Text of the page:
This sad aspect of the customary law is still in force in many parts of the country, but it isn’t any longer the case in Dedza. Thanks to this wonderful human being, the tide is turning on these abusive practices. In the 15 years since she was so unexpectedly installed as the Senior Chief of her native Dedza, Inkosi Theresa has annulled over 2600 child marriages, and sent the boys and girls back to school. She also arranges for the grandparents or other family members to take care of the babies born in those wedlock while their young parents attend class.
Can you imagine that she doesn’t have any dedicated budget for all this? Most times she buys the uniforms and pays school fees from her own pocket, when she can’t find patrons to help her in this noble endeavor. Fortunately, her growing notoriety in Malawi and beyond their borders helps her garner support for her noble cause.
Two years ago, Inkosi Theresa Kachindamoto was the laureate of the 2016 International Hrant Dink Award and the 2016 Jesse & Helen Kalisher Humanitarian Award. On International Women’s Day 2017, the Malawain Chief received a Leadership in Public Life Award at the 16th Annual Vital Voices Global Partnership Award Ceremony in Washington, D.C., USA. Vital Voices Global Partnership was co-founded by former US Secretary of State Hillary Clinton. The following month, she flew to Dakar to receive the New African Woman in Civil Society Award. UN Women and UNICEF plan to replicate her work with other traditional leaders in Africa and beyond.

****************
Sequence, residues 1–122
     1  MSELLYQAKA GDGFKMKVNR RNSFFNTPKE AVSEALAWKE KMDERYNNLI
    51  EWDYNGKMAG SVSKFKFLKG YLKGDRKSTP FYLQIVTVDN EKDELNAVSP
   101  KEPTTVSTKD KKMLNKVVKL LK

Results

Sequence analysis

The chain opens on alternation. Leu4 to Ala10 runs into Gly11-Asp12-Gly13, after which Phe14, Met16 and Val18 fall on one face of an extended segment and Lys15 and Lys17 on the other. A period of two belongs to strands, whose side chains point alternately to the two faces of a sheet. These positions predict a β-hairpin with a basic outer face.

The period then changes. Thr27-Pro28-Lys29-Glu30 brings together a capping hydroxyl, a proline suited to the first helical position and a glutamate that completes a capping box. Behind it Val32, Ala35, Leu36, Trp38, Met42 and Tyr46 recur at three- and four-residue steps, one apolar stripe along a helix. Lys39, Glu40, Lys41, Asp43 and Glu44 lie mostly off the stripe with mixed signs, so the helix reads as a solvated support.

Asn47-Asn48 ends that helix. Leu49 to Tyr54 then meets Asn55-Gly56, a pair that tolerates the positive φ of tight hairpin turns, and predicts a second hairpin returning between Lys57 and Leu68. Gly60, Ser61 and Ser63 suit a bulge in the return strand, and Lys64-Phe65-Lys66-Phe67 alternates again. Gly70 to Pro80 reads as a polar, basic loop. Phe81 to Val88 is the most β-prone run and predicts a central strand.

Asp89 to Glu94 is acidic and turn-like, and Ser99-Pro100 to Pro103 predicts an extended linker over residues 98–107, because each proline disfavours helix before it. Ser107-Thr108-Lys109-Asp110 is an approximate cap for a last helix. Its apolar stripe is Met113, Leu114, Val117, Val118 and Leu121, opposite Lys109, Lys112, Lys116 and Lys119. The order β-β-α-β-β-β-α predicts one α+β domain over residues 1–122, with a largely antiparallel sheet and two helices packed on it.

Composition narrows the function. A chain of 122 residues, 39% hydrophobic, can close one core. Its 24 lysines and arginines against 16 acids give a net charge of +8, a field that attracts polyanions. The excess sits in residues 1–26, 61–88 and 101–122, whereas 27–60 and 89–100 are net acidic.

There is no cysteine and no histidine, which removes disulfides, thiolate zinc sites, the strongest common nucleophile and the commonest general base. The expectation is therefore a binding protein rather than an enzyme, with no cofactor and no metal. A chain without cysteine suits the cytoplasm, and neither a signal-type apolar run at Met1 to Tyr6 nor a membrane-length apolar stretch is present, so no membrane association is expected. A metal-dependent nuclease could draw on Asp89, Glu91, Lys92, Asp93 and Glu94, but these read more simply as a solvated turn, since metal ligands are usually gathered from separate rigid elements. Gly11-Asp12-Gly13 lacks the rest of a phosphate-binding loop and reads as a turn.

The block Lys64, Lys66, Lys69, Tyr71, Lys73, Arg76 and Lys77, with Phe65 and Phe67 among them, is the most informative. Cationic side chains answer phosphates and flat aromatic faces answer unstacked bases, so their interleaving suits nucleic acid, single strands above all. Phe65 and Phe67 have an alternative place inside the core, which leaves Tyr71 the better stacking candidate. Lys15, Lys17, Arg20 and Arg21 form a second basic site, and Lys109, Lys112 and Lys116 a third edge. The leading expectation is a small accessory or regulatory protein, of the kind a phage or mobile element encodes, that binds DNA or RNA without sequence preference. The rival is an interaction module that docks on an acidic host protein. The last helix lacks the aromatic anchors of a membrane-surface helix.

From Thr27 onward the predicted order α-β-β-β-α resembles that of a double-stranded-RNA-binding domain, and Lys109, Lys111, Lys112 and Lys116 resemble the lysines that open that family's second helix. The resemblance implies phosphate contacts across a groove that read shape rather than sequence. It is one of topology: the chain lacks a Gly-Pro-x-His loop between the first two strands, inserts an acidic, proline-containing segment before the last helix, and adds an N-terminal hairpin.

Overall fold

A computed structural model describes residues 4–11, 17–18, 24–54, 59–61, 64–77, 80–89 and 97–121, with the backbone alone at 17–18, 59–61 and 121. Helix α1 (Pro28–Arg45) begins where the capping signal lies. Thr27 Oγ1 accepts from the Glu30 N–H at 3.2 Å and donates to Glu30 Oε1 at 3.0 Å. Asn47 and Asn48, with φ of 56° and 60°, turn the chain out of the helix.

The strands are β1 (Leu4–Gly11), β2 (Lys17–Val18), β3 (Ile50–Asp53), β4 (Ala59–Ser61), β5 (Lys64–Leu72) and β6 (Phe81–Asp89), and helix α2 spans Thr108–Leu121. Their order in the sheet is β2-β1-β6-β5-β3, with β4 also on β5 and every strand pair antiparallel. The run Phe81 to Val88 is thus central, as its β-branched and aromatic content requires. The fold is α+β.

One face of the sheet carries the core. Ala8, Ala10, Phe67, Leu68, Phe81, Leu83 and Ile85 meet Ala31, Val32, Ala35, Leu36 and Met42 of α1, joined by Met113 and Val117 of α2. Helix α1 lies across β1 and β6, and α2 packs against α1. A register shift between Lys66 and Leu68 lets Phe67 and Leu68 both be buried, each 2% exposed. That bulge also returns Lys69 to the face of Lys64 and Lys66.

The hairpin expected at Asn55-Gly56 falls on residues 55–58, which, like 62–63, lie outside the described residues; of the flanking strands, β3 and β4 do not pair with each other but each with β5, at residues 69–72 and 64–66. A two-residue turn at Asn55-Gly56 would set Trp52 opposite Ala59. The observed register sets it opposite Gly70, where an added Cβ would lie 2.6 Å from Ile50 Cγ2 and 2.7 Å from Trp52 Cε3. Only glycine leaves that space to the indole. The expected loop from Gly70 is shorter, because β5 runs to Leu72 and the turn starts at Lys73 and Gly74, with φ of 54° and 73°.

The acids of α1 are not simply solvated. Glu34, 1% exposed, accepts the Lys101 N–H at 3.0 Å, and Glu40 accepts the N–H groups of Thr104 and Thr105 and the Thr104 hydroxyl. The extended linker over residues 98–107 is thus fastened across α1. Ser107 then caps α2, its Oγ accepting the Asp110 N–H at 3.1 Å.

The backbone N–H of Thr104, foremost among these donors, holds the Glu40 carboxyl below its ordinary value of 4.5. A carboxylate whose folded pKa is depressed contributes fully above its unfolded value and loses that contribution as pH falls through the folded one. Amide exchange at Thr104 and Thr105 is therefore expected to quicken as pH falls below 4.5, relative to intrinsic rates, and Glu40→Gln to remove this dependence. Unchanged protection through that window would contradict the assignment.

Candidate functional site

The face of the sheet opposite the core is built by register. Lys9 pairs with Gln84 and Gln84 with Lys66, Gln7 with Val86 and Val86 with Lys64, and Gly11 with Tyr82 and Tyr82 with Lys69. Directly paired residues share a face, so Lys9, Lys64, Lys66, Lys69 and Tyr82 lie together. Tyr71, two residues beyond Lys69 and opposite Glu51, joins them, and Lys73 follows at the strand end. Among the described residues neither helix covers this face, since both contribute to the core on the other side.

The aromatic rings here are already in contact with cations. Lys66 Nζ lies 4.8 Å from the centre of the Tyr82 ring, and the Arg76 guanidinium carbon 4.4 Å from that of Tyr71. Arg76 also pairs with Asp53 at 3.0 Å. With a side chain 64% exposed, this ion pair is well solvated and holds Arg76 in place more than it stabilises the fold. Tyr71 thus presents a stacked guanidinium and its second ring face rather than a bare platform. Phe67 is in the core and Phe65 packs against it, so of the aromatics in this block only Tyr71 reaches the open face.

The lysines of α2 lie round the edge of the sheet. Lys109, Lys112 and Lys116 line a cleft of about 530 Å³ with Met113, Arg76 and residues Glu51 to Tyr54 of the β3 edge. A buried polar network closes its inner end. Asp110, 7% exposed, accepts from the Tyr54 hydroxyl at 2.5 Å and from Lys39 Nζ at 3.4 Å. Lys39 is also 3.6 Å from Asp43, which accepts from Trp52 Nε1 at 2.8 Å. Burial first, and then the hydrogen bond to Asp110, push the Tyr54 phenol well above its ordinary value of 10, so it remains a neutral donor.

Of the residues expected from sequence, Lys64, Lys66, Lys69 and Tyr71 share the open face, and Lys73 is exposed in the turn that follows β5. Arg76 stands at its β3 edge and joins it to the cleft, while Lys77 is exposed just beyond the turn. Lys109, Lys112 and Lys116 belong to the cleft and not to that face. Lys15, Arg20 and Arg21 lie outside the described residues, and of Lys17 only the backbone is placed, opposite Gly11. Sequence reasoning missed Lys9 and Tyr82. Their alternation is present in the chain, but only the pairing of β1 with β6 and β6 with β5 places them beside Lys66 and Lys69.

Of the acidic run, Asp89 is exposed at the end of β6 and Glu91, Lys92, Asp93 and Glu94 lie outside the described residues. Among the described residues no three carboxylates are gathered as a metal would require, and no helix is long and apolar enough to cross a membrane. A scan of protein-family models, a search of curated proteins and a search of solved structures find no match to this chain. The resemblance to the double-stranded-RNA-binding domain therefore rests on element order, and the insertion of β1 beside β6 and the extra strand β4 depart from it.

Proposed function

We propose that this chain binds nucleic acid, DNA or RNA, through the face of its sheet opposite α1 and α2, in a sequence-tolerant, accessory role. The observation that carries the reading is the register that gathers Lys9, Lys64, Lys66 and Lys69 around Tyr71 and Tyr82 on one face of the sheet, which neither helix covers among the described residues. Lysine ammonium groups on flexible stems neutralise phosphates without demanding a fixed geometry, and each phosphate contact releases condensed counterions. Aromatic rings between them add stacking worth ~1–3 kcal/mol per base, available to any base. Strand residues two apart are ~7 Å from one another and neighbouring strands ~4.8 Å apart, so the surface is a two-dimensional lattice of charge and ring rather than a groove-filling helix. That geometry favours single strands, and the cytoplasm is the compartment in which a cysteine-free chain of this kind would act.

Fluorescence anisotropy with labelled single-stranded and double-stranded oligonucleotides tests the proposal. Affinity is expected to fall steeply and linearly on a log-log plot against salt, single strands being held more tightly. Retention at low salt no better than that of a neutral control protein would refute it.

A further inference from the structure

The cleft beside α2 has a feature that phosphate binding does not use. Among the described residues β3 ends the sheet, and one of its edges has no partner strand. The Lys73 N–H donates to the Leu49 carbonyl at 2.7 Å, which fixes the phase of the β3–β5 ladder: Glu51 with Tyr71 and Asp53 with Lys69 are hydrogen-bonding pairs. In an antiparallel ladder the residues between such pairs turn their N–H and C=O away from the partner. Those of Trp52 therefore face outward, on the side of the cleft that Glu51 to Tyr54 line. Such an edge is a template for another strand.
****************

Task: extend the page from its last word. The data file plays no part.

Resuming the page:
You might be wondering what happened to the young 12 years old girl she met some 13 or 14 years ago, the one who prompted her to take on this extraordinary fight? She is now an accomplished twenty-something attending college and ready to take on the world. As a free woman!
Let me ask you: when you read the title to this piece, did you think it was a warning made to the INkosi. Well, no! “Don’t mess with fire” is the meaning of her last name, ‘Kachindamoto’, in the Chichewa language, her native dialect. Another troublemaker, wouldn’t you say?
Right Your Legacy, Inkosi Theresa Kachindamoto!